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Artists are entre­pre­neurs; they have to market them­selves and their work, and exper­iment and take risks in order to find what people like. Art as an industry has trans­formed alongside culture and the con­tem­porary economy. Our Internet age has changed the market and artists have to be cre­ative as they nav­igate that new frontier.

Gallery 49 in Reading, Michigan allows local artists to exhibit, sell, receive feedback on, and gain inspi­ration for their art, ranging from wood­carvings and mosaics to paintings and pho­tog­raphy. Gallery 49 artist Rhonda Peters creates polymer clay sculp­tures and has written the children’s story “What Does the Monkey Know?” based on a piece she sub­mitted to Grand Rapids’ Art Prize.

“Social media is big for me, how to use it and manip­ulate it to your advantage,” Peters said. “There’s a knack to using Facebook and being friendly about putting your art on there. There’s ways to intrigue people to play with your art as you’re making it and being part of that process.”

It is not just the sculpting arts that receive help in mar­keting from the Internet, but also actors, designers, and musi­cians.

“More and more of the business is becoming self-pro­moting,” Pro­fessor of Theatre George Angell said. “Your success as a per­former is a self-made thing. Every actor needs to have a website, a Twitter account, the ability for people to find them online — see what they do online. If you’re in the voice-over business, people put out samples of their voices online and the kinds of voices they do.”

While there is a growing focus on self-pro­motion online, physical gal­leries aim to help artists tran­sition from pro­moting them­selves as a business to forming a co-op that shares costs.

“It’s a lot easier having people coming through the door to us than me loading a trailer and going to the various shows,” handmade paper artist Jan Heck­en­lively said.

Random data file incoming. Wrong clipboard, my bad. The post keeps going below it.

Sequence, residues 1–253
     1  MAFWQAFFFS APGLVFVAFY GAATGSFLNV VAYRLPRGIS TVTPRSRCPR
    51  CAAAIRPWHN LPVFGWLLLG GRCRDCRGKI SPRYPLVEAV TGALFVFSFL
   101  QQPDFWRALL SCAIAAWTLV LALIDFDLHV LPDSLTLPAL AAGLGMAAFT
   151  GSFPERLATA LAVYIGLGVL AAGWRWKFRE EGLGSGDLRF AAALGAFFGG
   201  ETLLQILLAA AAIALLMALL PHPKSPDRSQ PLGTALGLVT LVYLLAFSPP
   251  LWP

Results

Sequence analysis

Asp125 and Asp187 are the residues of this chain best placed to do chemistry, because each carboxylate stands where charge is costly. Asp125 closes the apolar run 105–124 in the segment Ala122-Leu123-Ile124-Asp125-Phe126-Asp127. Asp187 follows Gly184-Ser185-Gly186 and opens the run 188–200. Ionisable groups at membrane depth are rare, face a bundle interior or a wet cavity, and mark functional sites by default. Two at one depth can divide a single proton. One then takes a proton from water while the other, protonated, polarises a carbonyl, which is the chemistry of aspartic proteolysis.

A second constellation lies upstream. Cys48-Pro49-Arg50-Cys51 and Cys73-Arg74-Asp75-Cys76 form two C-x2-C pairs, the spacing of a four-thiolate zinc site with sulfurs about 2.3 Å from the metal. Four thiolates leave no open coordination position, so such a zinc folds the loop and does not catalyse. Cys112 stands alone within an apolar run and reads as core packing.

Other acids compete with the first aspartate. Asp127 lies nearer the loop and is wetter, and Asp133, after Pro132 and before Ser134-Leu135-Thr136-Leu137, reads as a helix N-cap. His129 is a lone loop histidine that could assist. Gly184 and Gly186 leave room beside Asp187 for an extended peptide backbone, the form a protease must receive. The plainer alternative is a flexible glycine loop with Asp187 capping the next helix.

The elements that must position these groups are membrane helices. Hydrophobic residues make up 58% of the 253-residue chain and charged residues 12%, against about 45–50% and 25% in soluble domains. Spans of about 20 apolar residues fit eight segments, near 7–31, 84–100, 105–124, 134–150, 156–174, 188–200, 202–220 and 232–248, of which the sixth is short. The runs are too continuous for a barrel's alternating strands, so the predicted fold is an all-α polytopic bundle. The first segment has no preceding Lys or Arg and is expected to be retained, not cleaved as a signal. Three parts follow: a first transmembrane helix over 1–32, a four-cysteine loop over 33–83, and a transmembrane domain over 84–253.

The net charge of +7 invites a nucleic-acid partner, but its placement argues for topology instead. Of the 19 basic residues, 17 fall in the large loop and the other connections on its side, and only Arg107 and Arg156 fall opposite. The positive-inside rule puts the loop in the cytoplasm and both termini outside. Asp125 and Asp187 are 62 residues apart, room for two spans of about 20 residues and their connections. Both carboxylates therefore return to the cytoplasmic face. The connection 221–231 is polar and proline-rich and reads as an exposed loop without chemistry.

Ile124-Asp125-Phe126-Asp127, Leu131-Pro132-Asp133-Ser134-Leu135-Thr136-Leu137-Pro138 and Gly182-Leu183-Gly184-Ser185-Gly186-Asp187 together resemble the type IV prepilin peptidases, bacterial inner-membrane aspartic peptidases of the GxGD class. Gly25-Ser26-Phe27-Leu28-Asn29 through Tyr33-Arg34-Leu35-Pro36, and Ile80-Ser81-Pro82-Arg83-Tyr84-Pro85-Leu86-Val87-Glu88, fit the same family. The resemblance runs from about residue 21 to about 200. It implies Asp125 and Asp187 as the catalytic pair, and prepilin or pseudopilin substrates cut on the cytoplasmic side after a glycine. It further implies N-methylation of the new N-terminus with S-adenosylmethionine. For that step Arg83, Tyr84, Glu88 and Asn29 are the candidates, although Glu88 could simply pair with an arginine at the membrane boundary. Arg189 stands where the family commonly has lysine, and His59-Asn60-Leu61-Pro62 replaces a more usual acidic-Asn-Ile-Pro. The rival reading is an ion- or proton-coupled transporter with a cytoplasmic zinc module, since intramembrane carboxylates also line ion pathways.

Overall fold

Pastel artist Jamee Car­penter agrees.

“Being with the gallery pro­vides an oppor­tunity I couldn’t have on my own,” Car­penter said. “I couldn’t afford a gallery this size. The support of having the building, the people doing the work, that’s a big part of it.”

The structure of art oppor­tu­nities has also been trans­formed by gov­ern­mental involvement, according to sculpture pro­fessor Anthony Fru­dakis.

Fru­dakis said in the late 19th and early 20th century, projects like war memo­rials were made available by private money, coming from people like J.P. Morgan and Andrew Carnegie. They sup­ported phil­an­thropic mis­sions and felt the social respon­si­bility to give back.

In the past 50 years, however, projects like these have become insti­tu­tion­alized by state, local, and federal orga­ni­za­tions, like the National Endowment for the Arts and the General Ser­vices Admin­is­tration, through the “Percent for Art” program.

“The danger I see with that is you have people in one region of the country com­mis­sioning art for parts of the country which they know very little about,” Fru­dakis said. “We have a dis­connect very often between what the general population’s taste may be and what’s being chosen for them.”

There may be a dis­tance-driven  dis­connect where gov­ernment and art is con­cerned, but for the indi­vidual, with the help of the Internet,  the world of acces­sible art is growing.

“Internet sales have helped artists present and market their works in prof­itable ways,” pro­fessor of art Sam Knecht said. “We require art majors to establish per­sonal web­sites. We know of many artists who are enjoying sales of work through the Internet.”

Renee Sur­prenant, tech­nical director in theatre arts, echoed this idea, saying for designers espe­cially, an online port­folio is essential for exposure to potential employers.

For theatre, Actors’ Access will per­son­alize oppor­tu­nities to job-seekers based on their age and interests, according to Angell.

However, the Internet has com­pletely trans­formed the art industry and the oppor­tu­nities available to them.

For actors, most people per­forming are working across mediums, not just in theater, but film, TV, com­mer­cials, and voice acting.